"This is not a new issue," she said in a meeting with The Dallas Morning News' editorial board. "It's just putting together a comprehensive package that covers the immigration issues from A to Z. ... It's a priority for both me and the president."
Napolitano expressed hope that the effort, which has bogged down in Congress in years past, would not be as contentious as it was under former President George W. Bush.
She did not say when a bill would ultimately be considered since Congress and the White House are now consumed with health care legislation. So changes to immigration policy could be further down the road, though she has had meetings with Sen. Charles Schumer, the New York Democrat expected to take the lead on the issue.
"There is a bipartisan recognition that the current law is outdated and needs to be brought up to date with our current needs," she said.
Napolitano, the former governor of Arizona, has dealt with the effects of illegal immigration for much of her career in public service.
She said an immigration bill should focus on the following:
. Developing or bolstering the penalties for employers who repeatedly hire illegal immigrants.
. Stamping out the new tactics human traffickers and money launderers are using to exploit the border.
. Developing programs that would allow seasonal workers to legally enter the country.
. Updating the visa process to allow students with capabilities the country needs to remain in the U.S.
Napolitano reminded attendees at the Fire-Rescue International Conference that the federal stimulus bill provides $210 million in Assistance to Firefighter grants for fire stations.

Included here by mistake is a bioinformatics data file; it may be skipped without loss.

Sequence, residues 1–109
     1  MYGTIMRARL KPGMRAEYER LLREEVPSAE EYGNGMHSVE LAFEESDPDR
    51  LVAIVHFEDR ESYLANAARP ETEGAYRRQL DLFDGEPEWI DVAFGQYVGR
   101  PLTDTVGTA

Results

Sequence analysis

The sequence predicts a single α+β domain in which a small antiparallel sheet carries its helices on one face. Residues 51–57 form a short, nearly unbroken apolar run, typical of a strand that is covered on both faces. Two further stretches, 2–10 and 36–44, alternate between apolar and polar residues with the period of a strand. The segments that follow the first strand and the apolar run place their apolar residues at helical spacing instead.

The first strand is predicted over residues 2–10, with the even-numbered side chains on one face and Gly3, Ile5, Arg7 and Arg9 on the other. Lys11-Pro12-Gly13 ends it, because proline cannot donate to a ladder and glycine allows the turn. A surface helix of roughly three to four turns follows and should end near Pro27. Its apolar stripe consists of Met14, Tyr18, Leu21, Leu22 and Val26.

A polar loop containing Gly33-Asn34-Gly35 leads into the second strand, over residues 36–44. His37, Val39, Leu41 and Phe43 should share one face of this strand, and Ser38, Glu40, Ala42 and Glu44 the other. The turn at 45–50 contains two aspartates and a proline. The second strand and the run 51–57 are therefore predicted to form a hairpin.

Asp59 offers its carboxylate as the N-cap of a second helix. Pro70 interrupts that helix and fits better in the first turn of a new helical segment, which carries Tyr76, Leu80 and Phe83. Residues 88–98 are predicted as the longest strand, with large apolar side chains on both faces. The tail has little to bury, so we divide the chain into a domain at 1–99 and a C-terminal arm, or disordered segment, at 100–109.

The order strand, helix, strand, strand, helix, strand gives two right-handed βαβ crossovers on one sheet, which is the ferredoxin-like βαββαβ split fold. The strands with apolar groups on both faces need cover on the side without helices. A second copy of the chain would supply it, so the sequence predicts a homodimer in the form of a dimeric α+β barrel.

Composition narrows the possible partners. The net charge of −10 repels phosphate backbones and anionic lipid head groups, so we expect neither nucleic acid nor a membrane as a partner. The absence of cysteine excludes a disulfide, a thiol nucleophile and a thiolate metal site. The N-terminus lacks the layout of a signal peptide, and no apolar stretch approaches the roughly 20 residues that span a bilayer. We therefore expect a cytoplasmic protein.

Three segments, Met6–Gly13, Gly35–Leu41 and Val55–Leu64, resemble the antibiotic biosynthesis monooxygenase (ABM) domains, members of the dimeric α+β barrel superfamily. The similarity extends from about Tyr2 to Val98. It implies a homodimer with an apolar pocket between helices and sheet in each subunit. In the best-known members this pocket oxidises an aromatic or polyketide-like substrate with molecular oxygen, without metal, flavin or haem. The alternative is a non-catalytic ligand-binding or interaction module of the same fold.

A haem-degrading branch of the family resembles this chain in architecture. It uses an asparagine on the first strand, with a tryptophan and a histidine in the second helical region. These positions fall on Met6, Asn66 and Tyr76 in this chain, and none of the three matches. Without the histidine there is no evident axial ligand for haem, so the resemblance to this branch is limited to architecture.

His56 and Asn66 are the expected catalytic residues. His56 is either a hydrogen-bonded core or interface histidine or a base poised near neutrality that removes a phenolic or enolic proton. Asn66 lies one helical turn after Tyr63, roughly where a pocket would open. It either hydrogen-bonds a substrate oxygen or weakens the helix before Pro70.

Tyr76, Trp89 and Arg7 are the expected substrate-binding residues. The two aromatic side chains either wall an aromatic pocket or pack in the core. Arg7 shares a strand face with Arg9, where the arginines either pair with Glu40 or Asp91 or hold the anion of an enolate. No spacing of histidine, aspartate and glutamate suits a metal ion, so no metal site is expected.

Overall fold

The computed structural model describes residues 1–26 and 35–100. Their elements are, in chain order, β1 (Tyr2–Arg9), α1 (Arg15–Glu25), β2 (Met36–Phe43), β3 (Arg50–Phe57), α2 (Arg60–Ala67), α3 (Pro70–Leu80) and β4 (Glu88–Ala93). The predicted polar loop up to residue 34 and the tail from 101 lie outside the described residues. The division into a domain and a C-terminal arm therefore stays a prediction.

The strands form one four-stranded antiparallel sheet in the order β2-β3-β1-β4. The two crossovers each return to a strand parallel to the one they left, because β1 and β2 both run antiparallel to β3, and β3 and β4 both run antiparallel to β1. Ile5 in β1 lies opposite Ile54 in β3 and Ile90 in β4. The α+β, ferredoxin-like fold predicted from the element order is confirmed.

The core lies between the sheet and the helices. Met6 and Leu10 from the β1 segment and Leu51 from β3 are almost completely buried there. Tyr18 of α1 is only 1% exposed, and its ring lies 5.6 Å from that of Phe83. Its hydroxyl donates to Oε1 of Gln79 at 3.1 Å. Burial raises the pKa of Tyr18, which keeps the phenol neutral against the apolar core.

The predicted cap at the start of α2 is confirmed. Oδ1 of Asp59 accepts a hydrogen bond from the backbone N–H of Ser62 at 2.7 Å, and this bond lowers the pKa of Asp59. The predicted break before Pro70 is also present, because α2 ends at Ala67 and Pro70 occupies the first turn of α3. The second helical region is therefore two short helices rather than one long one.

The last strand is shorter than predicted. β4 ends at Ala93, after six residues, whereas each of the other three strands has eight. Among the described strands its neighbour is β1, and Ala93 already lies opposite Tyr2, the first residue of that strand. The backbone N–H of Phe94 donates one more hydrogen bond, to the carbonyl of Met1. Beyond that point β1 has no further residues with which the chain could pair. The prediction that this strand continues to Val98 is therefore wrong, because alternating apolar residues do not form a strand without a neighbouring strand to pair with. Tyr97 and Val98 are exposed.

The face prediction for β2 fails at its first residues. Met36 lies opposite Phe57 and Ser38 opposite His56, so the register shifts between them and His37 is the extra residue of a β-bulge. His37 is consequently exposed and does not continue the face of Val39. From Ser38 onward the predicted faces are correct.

Congress also will waive the requirement that local governments match funds when they split an additional $210 million worth of Staffing for Adequate Fire and Emergency Response grants this year. That move will let fire departments rehire laid-off firefighters. The Department of Homeland Security plans to ask for double that amount for next year, Napolitano said.
"Cities and states are cash-strapped right now and we want to do things, to the extent we can, so that our emergency services continue our security planning continues unimpeded," she said after swearing in Cochran.
"In all likelihood, this flu will be back on our shores before any vaccine is available," she said.
Secretary Napolitano said shots to protect against the H1N1 virus should be available about mid-October.
During an address to Fire-Rescue International in Dallas, Secretary Napolitano said fire departments should begin planning for high rates of absenteeism, not only due to member sickness but from those having to stay at home to tend to children with the virus.
Secretary Napolitano urged departments to begin looking at leave and overtime policies. "Do it now, before we are in the midst of this next flu season," she said.
Fire departments also need to play a lead role in ensuring residents in their districts are well-informed and knowledgeable about the virus, Secretary Napolitano said.